I think restricting tenure right now would be a disaster unless there’s a radical turn away from academic short term contract labor.

By Karl Steel on 10/07/07 at 08:41 PM | Permanent link to this comment

Rich writes: “John, imagine that you were having a discussion with someone who was not a conservative—let’s say, a moderate Democrat—and he said that there was no harm in discussing a war with Iran.  After all, he said, it might work out well, they might democratize or something.  I assume that first you would reply that we shouldn’t casually go to war, but let’s say the right was already agitating for it, so in some sense you couldn’t help discussing it.”

I understand your point here, Rich. But I don’t think the politics of tenure are quite the same as the ‘bomb Iran’ case. Also, talking about tenure is not the same as talking about right-wing critiques of academia. The two are sufficiently distinct that they shouldn’t be run together. (Right-wing critics don’t really focus on the tenure issue very much.) Tenure is a really strange institution - the last living medieval guild - and it is worth asking, if only experimentally, what it’s for, intellectually. What the value of the institution is, because of course it has costs as well. I don’t think this is really a harmful discussion to have, in terms of feeding fodder to the likes of Horowitz. Because it just isn’t enough of a hysterical hot-button.

You obviously can’t let yourself get into a position where you are so reflexively concerned that anything bad you say about academia will become fodder for Horowitz that you aren’t willing to say anything critical about how things go in academe.

By John Holbo on 10/07/07 at 09:57 PM | Permanent link to this comment

nnyhav,

“Disgruntled” would be another loaded term. Generally militating against the dismissed. The ‘get your war on’ aspect cuts cred both ways; adopting their tactics means the terrorists have already won, right?

No; a tactical, rhetorically aware approach is entirely compatible with academic integrity. Note that we’re not talking here about what happens in the classroom—we’re investigating political discussions about academia. I have no problem characterizing Johnson as disgruntled; is there anyone else in America who has made me so familiar with his or her own personal tenure battles and career shortfalls?

I’m not interested in continuing to pick apart David Horowitz’s work; to paraphrase Ben Fong-Torres from Almost Famous, we already have a Michael Bérubé.

*

John,

Thank you for such an in-depth comment. Given that my lists were reasoned inductively from the various news items and blog threads I’ve read, and given that such attacks tend to be phrased as criticisms rather than as a set of proposed reforms, it’s possible that the positive content isn’t there, and that the Horowitzian offensive is just an annoying epiphenomenon. That would be wonderful news. Right now, I don’t think we have the grounds for confident dismissal.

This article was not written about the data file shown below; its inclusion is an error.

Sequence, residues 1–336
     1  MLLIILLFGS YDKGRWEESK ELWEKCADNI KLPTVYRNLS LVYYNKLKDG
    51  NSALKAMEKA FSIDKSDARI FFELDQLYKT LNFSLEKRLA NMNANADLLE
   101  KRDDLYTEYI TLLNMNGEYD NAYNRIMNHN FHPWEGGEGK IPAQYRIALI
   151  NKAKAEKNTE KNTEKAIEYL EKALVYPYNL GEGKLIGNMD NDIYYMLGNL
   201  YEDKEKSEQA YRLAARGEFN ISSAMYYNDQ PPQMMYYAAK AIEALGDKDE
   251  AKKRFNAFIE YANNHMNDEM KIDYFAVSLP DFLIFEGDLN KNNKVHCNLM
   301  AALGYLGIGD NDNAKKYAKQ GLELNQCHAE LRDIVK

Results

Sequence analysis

I wrote:

Pay cuts for all scholars in the humanities, included reduced funding for research and travel.

Compare Bauerlein: “Do not believe academics when they talk about summer research work. Outside the scientists [sic], most of them are idle or labor on books and articles that they don’t have to write and that less than 50 people will read.”

Phi Beta Cons: “It is tough to imagine a more “privileged” person than a tenured faculty member at a major university.  Six figure income. [...] ‘I’m mad as hell and not going to take it anymore,’ says the prof who was the subject of a high-profile bidding war, teaches her (one) class sometimes in sweatpants, and is currently away (at university expense) at a conference in Helsinki.”

Of course, neither of these excerpts actually contains proposals for pay cuts. However, the message is clear enough. Furthermore, as someone completing graduate school under Arnold Schwarzenegger, it is impossible not to make the connection between these fantasies of wealthy, idle academics and the ongoing, real gauging of state university budgets in California.

Elimination of tenure.

I see no reason to generalize negatively about Tim Burke, as I wrote. I don’t see what makes his tenure proposal so reasonable; as I argue in the post, it would have an effect opposite the one intended if it was implemented.

Public access to all courses, particularly lecture courses.

In California, we had somebody tape-recording lectures at UCLA in order to use them as evidence of indoctrination. In order for this and other acts of publicizing course material to be justifiable, one has to assume that coursework and the text of lectures ought to be matters of public record.